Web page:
“Reopening’s” John 10_2-5,7,9 & 10-6.jpg

“Getting Past Tilt” 

Luke 12:23

The Sanctuary Sermon for 6/7/20

The Sanctuary Sermon for 6/7/20                                                                                           

Getting Past Tilt” Luke 12:23

 

“So, don’t be afraid, little flock. For it gives your Father great happiness to give you the Kingdom.”  

 

Not that it’s been a concern of yours, but for the last few weeks I’ve kicked around a few thoughts and themes for us to focus on when we finally broke bread again. And well, mostly, I’ve got nothing, that’s why I wanted you to share your Corona courage story! And now, just like that, here we are together. Well, mostly. We’re like the Jews in the Diaspora, some here, some there. Some inside, some outside, some still at home. Worship in company with others brings us the assurance that God is with us ... and it keeps us from shutting down hope. It’s good for us to be home this morning, here together mostly in one place. Free at last, free amen. Don’t be afraid little flock.

 

There’s no doubt that these past weeks and months have been times to try men’s souls. If the adage is true about how when the going gets tough the tough get going, I commend you for putting one foot in front of the other to get to where you are now, confronting the Covid culture every day. Welcome to the human race.

 

For months now it’s been a race to stay ahead of a pandemic by staying at home. A race to shelter in place. A race to fear monger and scare the hell out of people, now it’s a race to fundamentally change societal norms; a race to lecture on who’s privileged and who isn’t, a race not only to dismantle bricks and mortar, but a race that continues to tear down a Judeo-Christian culture. And once again, we’ve raced into a racial divide wondering which lives matter without a finish line in sight.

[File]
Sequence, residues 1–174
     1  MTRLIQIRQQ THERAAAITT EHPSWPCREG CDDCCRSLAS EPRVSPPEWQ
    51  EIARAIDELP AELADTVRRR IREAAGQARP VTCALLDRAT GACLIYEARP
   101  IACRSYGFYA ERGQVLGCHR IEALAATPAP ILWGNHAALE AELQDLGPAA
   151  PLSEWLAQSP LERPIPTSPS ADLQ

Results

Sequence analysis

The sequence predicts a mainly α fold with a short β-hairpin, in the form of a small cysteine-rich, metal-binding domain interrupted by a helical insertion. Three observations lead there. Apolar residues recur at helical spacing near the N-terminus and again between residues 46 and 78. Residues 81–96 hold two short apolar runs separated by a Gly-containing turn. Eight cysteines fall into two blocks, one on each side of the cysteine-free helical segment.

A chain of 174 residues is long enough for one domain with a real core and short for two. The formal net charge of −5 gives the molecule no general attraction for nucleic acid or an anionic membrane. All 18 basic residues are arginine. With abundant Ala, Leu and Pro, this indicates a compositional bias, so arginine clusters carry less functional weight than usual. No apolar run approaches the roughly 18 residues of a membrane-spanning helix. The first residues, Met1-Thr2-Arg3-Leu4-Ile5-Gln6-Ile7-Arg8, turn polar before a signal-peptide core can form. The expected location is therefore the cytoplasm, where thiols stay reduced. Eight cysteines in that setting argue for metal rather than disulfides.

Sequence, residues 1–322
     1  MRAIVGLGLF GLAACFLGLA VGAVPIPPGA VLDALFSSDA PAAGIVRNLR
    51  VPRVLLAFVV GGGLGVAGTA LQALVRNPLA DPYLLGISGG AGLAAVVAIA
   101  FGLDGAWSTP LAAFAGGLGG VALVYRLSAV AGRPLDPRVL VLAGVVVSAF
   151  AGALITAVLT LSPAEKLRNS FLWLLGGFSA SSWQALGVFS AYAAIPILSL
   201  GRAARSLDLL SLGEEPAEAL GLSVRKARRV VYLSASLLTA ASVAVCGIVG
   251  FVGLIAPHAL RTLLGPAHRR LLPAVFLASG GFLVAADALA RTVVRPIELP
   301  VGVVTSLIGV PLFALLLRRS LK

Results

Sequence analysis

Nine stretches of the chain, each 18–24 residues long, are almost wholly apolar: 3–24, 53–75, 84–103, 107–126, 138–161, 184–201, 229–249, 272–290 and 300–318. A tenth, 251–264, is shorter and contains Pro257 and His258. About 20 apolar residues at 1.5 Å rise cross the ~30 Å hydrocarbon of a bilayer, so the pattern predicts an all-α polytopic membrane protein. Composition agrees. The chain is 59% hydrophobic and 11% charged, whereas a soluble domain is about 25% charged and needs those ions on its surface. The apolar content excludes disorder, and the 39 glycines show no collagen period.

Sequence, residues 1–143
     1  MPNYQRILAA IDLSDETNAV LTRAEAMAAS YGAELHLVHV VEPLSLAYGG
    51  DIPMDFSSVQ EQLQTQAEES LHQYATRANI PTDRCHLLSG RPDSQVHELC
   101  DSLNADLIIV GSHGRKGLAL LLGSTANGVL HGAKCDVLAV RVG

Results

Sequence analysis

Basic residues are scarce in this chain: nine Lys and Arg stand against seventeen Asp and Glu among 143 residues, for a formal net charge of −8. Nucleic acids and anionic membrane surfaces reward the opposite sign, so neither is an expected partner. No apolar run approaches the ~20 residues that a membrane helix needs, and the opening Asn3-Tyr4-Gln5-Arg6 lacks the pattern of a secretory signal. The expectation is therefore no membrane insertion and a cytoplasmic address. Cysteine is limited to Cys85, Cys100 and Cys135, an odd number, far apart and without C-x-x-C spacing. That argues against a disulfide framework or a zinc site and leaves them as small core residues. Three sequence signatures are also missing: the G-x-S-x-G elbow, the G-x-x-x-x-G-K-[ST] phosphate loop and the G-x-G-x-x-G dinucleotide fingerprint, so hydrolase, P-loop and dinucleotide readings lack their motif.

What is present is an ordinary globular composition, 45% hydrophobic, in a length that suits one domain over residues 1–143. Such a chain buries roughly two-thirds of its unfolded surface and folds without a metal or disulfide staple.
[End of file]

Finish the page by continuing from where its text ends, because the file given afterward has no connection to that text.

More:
These are tenuous times for sure where fear and uncertainty squeeze the day. We’ve been holed up like Davy Crockett at the Alamo and when the gun smoke has finally cleared, we’re not sure to lift our heads, let alone venture out into the wild, wild west. Every day seems like an, “Oh no, here we go again” kind of day. Here’s a whimsical story by author Julie Russell concerning a, here we go again kind of day:

 

“A few years ago, at our house our family was going through the typical school morning routine, you know, packing lunches, making breakfast, getting clothes on and hair combed. Our daughter Lucy, who was 7, asked if she might light a candle on the dining room table, just to make breakfast more special. And so, my husband Tim supervised the lighting and then went to check something on his computer while I continued stirring the eggs on the stove. A few minutes later our son Taylor, who was 11, and a little neighbor girl, whom we drove to school every morning, burst into the kitchen, crying and hollering: “Lucy’s on fire!” 

 

Well, it was one of those surreal moments, both Tim and I flew into the dining room and, sure enough, Lucy was running around in circles with the top of her head blazing like a tiki-torch. She’d leaned a little too close to the candle I suspected, her hair had ignited, and apparently it didn’t occur to her to stop, drop and roll. I got there first and immediately smothered her head with my robe. I made sure the fire was out, did a quick examination and saw that her skin hadn’t been burned, only her hair, and so I relaxed a little and held Lucy who by that time was shaking like a leaf. Tim and I breathed a big sigh of relief. She was all right and that was the main thing.